Has nice size for an end and a thick frame. Has a decent first step and enough burst to challenge the edge when he lines up outside. His first step allows him to get penetration and shoot gaps when he's inside. Has enough speed and burst to beat the guard to his outside shoulder when working in the 3-technique. His first step allows him to get leverage and some push as an interior pass rusher. Will slap down the tackle's hands at times, and can use the swim move to beat the blocker. Does a nice job making stops in the backfield once he gets penetration because he does a good job breaking down. Works well on stunts and will close and deliver hit on the quarterback. Comfortable dropping into coverage on zone blitzes. Shows some ability to stack and shed at the point of attack. Can work laterally down the line to make stops in pursuit. Plays with a good motor, and is a solid special teams player because he can block field goals.
Lacks ideal size to play either end or tackle. Doesn't do a great job holding up against the run when you run at him. Doesn't really know how to dip the shoulder or bend when coming off the edge in order to turn the corner. Even when he can set up the tackle with his speed on the edge, lacks the closing burst on the ball to finish the play. Doesn't use many moves to beat the blocker, and tends to rely on his burst and motor mostly. Not super fluid when he drops into coverage as he struggles to flip his hips.
Francis played inside for Rutgers, playing the role of the undersized tackle that Eric Foster once played at Rutgers. He projects probably better to playing end in the NFL, but he could get reps inside on third downs for some teams. He's a pretty solid athlete, although he's never really a dominant force on the field. But he's a player that with a good motor and decent quickness, makes plays and has a future in a rotation somewhere in the NFL. He was suspended for his entire sophomore year after being charged with armed robbery with a fake air pistol, but those charges were dropped, but the suspension remained. He went to Rutgers with high expectations, but his suspension landed him in the doghouse until he emerged as a senior to have a productive year.
2011 GAMES WATCHED:
(10/8) vs. Pittsburgh: 3 sacks, 2 TFL, 1 PD
(12/30) vs. Iowa St: 0.5 TFLs, 1 PD, 1 blocked FG; 1 penalty (offsides)
2011: 13 GP/13 GS, 64 tackles, 13 TFLs, 6.5 sacks, 1 INT, 5 PDs, 0 FF, 1 FR, 3 blocked kicks
Francis is a good piece to have in a rotation. The question really is how much will he impact there. He's the type of player that you want playing left end on running situations, but can also kick inside on passing downs to play some tackle. That brings versatility, and coupled with his motor and decent quickness he can be effective in those roles. He's not a great run stopper, as most of what he does there relies on his ability to be disruptive. He'll have to improve at the point of attack, but he has the potential to do so. He'll never be a great edge pass rusher, but the type of guy that could potentially contribute 2 or 3 sacks off the bench in a rotation. He's a bit of a tweener, and he's the type of guy that could put on another 15-20 pounds and bulk to play permanently inside as a 3-technique type of defensive tackle. But even if he does that, he'll probably just be a backup there. For a 4-3 team, I think he'll find a role as a No. 4 end that sort of reminds me of Chauncey Davis, but when Davis was at his best in 2008. Like Davis, he won't have great production in the NFL, but coaches will like him because he's a high motor guy, willing to play multiple roles, and can contribute on special teams.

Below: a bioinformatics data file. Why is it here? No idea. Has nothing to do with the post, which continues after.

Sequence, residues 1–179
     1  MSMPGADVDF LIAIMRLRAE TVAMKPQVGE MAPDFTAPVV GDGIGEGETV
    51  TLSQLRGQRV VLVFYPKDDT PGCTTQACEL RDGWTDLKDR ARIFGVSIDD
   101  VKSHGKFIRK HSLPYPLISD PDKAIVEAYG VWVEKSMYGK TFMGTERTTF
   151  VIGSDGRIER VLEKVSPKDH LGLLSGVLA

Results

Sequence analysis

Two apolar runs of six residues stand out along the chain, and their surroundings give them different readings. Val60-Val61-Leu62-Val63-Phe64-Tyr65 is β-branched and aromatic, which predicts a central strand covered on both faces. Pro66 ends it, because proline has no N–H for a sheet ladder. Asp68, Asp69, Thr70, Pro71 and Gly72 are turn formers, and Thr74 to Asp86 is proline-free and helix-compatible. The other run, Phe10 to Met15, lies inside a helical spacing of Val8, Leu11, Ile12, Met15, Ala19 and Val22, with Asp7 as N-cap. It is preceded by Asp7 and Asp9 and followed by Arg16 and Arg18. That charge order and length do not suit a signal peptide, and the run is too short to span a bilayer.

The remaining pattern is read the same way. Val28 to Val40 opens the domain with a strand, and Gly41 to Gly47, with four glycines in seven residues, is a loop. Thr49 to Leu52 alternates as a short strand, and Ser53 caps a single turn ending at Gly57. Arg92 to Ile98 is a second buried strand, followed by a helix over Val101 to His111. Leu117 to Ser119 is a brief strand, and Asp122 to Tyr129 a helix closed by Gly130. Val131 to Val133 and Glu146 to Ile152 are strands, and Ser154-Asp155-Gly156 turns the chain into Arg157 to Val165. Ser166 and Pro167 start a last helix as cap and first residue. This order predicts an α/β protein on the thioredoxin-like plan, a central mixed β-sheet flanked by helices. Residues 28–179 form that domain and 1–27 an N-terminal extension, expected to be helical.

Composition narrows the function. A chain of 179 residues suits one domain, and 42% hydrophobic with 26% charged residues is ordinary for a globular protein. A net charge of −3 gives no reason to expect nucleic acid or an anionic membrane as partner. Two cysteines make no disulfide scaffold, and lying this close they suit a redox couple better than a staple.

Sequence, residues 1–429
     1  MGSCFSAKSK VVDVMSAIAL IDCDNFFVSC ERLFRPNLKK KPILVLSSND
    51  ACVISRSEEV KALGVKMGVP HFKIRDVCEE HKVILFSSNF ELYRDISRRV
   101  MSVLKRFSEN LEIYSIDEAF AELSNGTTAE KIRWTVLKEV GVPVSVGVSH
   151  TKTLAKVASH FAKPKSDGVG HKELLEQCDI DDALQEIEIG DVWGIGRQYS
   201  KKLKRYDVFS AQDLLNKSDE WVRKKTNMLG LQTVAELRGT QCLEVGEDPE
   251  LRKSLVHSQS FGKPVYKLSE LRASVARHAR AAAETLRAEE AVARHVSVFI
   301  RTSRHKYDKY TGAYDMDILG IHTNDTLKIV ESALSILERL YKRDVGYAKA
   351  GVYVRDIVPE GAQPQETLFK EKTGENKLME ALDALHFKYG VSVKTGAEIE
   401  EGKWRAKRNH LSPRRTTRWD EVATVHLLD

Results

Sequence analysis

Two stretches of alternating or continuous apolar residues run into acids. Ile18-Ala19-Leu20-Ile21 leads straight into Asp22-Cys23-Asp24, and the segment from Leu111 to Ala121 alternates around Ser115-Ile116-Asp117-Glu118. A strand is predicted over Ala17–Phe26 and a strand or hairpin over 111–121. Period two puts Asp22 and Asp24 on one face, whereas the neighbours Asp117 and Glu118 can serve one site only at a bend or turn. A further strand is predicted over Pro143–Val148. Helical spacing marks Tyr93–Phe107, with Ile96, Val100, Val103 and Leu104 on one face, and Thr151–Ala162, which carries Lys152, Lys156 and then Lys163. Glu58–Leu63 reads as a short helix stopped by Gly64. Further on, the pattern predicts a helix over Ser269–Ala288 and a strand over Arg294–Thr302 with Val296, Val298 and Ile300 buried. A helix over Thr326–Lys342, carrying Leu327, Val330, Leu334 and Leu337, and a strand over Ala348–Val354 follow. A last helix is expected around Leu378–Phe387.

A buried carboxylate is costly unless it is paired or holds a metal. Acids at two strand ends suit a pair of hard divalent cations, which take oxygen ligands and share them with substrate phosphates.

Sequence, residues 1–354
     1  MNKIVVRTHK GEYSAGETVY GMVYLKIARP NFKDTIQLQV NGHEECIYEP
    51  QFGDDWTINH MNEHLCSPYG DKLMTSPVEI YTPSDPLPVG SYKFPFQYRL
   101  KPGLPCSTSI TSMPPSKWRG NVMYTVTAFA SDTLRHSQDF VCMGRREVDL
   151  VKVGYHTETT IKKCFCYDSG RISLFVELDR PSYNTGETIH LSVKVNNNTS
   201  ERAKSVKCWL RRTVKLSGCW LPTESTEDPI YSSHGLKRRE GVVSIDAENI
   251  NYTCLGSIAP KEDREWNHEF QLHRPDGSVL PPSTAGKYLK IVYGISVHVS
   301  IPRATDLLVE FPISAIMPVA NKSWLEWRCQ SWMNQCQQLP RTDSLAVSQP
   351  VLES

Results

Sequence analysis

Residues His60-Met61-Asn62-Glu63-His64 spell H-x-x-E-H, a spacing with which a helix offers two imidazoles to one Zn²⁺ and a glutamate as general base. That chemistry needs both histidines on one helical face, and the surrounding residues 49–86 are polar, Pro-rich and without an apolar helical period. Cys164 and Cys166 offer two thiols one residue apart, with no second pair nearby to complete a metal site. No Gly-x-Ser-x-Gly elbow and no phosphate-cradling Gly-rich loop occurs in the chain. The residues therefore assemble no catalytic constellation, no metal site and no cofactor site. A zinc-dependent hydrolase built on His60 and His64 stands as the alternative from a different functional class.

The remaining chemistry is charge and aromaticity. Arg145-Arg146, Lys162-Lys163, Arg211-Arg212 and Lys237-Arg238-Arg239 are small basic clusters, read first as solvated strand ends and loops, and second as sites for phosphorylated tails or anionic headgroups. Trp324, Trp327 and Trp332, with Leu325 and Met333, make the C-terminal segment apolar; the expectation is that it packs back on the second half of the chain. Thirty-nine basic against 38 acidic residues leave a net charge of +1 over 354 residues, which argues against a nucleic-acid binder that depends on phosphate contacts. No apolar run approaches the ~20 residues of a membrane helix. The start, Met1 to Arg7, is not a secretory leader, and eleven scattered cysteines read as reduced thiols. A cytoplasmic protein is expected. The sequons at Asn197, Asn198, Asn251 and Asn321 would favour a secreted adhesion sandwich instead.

Francis is probably a better fit in the Falcons old scheme, where they had use for a player of his skillset once with Chauncey Davis. With Mike Nolan taking over, Francis doesn't really fit as much because he doesn't have the ideal frame to work inside, but also lacks the burst to really think he's going to be an impact player on the edge either. He could compete for a reserve role, and maybe if he could land a practice squad position as a rookie a few years down the line he might be able to better develop into a role. But unless the team fell in love with his special teams ability, he'd be a longshot to actually make and stick on the roster. The Falcons could potentially be better off moving him to tight end and hoping to develop him as a blocker. He played tight end coming out of high school before Rutgers converted him permanently to the defensive side of the ball.
For a 4-3 team looking for a nice rotational player, Francis should make a solid sixth or seventh round pick because of his ability to contribute as a role player.
1-pathetic, 2-poor, 3-weak, 4-below average, 5-average, 6-above average, 7-good, 8-very good, 9-excellent, 10-elite
Pass Rush: 5.5
Point of Attack: 5.0
"Vincere scis, Hannibal, victoria uti nescis" -- Maharbal, 216 B.C.E.